Still the study reports that New York state is leading the nation in unionization with more than 20 percent of its workforce in unions. The current national average is 10.7 percent. The downstate New York metropolitan area has the highest union membership rate of all the country’s large metro regions. Of its wage and salary employees, 21.4 per cent are in unions – more than twice the national average outside New York.

Gregory DeFreitas, a professor at Hofstra University, seen here on Thursday, Aug. 31, 2017, co-authored a study on labor unions on Long Island. Photo Credit: Barry Sloan

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State parks boost Long Island’s economy, report says

Newsday  print

2017-12-17

Dr. Gregory DeFreitas, professor of economics, founding director of the Labor Studies degree program and director the Center for the Study of Labor and Democracy was interviewed by Newsday about a report that says state parks boost Long Island’s economy. They are good for public health and job generators. Some of the benefits, while they can’t be definitively monetized, are deeply valued by residents. That sense of well-being may be reflected in higher property values and lower crime rates.

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Research Focus (1)

Research interests include ...

Economics of immigration, earnings inequality, youth unemployment, economics of small business, labor unions, African labor issues, and the New York City economy

Courses (1)

Labor Economics, Urban Economics, Microeconomics, African Economic Development, Research Methods

PRINC ECONOMICS
(BH) LABOR ECONOMICS
(BH) LABOR ECONOMICS
SENIOR SEMINAR IN LABOR STUDIES

Articles (3)

The State of New York Unions 2012 Regional Labor Review

2012

New York has, for nearly two decades, had the highest proportion of its workforce represented by unions of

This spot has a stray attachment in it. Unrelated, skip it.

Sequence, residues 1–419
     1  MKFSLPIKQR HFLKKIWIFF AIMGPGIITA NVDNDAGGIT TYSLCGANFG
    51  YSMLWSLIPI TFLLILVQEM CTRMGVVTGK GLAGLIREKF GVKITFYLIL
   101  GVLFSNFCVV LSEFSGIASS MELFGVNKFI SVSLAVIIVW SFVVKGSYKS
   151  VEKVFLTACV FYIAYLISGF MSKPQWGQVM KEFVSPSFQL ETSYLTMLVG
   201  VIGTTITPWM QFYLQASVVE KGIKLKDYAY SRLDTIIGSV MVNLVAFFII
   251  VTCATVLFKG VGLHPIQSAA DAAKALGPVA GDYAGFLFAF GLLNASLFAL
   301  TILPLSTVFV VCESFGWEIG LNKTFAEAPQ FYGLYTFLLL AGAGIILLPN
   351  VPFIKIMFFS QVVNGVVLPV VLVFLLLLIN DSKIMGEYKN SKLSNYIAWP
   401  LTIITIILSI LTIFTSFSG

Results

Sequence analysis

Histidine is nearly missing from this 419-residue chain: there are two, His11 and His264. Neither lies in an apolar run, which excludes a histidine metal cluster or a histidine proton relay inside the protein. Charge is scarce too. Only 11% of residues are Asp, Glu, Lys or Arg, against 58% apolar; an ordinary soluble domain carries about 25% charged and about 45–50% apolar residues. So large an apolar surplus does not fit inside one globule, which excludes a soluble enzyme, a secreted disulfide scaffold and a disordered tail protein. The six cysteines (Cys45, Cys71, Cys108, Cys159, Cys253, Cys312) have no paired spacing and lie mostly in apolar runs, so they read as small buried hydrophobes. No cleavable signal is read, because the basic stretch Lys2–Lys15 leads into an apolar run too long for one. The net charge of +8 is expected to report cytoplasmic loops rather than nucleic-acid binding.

any state in the country. By 2006, the last year before the latest recession, 24.5 per cent of the state’s
employees were union members – twice the national rate. But the national economic crisis that began in 2008
struck with particular force in heavily unionized industries like construction and manufacturing. And many state
and local governments responded to mounting budget gaps by cutting unionized public sector jobs. What have
been the cyclical impacts of the recession and the still-incomplete recovery on union representation? This paper
explores this and related questions by focusing on New York, in particular the state’s economic engine and
population center, the New York City metropolitan area, centered in New York City and Long Island. We
investigate the major characteristics of and trends in recent unionization in the New York Metropolitan Area
through an empirical analysis of large microdata sets from the U.S. Census Bureau’s Current Population
Surveys...

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At the Epicenter of an Economic Earthquake: New York Confronts the Great Recession Regional Labor Review

2009

The global economic crisis surged into 2009, setting one depressing record after another. The U.S. economy
shrank by –6.2% in the October-to-December quarter – its steepest decline in over a quarter-century. In those
same months, the country lost 1.7 million jobs. For all of 2008, the job count shrank every month, totaling nearly
3.1 million fewer jobs at year’s end. As of this March, the cumulative losses total 5.1 million jobs, more than in
any other recession since the Great Depression...

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The State of New York Unions 2007 Regional Labor Review

2007

Working people with union representation average much higher wages and benefits today than do otherwise
comparable non-union employees. So, in an age of relatively stagnant real wages and eroding benefits for most American workers, union coverage is an important indicator of a region’s labor market health. This report aims
to provide the first detailed description of the major characteristics of and trends in recent unionization in the
New York Metropolitan Area. The empirical analysis was conducted on large microdata sets from the U.S.
Census Bureau’s Current Population Surveys